-Author name in bold denotes the presenting author
-Asterisk * with author name denotes a Non-ASH member
Clinically Relevant Abstract denotes an abstract that is clinically relevant.

PhD Trainee denotes that this is a recommended PHD Trainee Session.

Ticketed Session denotes that this is a ticketed session.

SCI-43 Metabolic Control and Systems Immunology in Blood Cell Development

Program: Scientific Program
Session: My Metabolism and Myelopoiesis
Hematology Disease Topics & Pathways:
Cell Lineage, immune cells
Sunday, December 8, 2019, 7:30 AM-9:00 AM
Valencia D (W415D), Level 4 (Orange County Convention Center)
Sunday, December 8, 2019, 4:30 PM-6:00 PM
Valencia D (W415D), Level 4 (Orange County Convention Center)

Hongbo Chi

St. Jude Children's Research Hospital, Memphis, TN

Coordination of metabolic programs with cell fate decisions is a fundamental determinant of hematopoietic cell development and function. Hematopoietic cells at different developmental and activation stages exhibit distinct metabolic signatures. Emerging evidence further highlights the interplay between cell signaling and metabolic programming in these processes. We found that myelopoiesis, including the differentiation of monocytes, macrophages and dendritic cells (DCs), required mechanistic target of rapamycin complex 1 (mTORC1) signaling and anabolic metabolism. Loss of mTORC1 impaired myelopoiesis under steady state and dampened innate immune responses against Listeria monocytogenes infection. Stimulation of hematopoietic progenitors with macrophage colony-stimulating factor (M-CSF) resulted in mTORC1-dependent anabolic metabolism, which in turn promoted expression of M-CSF receptor and transcription factors PU.1 and IRF8, thereby constituting a feed-forward loop for myelopoiesis. Mechanistically, mTORC1 engaged glucose metabolism and initiated a transcriptional program involving glycolysis and sterol biosynthesis after M-CSF stimulation. Integrative metabolomic and genomic profiling further identified one-carbon metabolism as a central node in mTORC1-dependent myelopoiesis. Moreover, we found that differentiation of DCs from bone marrow precursors was associated with dynamic regulation of mTORC1 signaling and cell metabolism. Either reduced or excessive mTORC1 activity was detrimental to DC development, associated with impaired regulation of cell metabolism. Interestingly, in contrast to the obligatory role of mTORC1 in monocyte and DC development, mTORC2 function was dispensable in these processes. Our results demonstrate that the interplay between mTORC1 signaling and bioenergetic and biosynthetic activities constitutes key metabolic checkpoints to orchestrate myelopoiesis. We are currently applying systems immunology approaches to explore metabolic signaling in myelopoiesis.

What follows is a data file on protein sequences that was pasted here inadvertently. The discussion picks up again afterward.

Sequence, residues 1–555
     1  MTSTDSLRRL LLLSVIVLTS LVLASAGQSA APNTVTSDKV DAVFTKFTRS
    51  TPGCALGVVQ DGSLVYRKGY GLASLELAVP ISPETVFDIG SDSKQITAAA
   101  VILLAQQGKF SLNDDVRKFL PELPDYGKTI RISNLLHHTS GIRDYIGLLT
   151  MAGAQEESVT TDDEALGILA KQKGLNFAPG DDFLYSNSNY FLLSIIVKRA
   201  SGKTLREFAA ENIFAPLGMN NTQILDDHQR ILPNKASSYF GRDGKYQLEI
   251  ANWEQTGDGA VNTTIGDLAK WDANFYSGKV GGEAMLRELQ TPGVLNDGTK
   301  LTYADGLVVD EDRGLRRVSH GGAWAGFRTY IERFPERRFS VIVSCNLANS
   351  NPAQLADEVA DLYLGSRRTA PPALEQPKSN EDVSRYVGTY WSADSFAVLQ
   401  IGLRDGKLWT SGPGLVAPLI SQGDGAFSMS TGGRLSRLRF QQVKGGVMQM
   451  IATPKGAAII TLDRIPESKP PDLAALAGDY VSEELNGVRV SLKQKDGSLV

Disclosures: No relevant conflicts of interest to declare.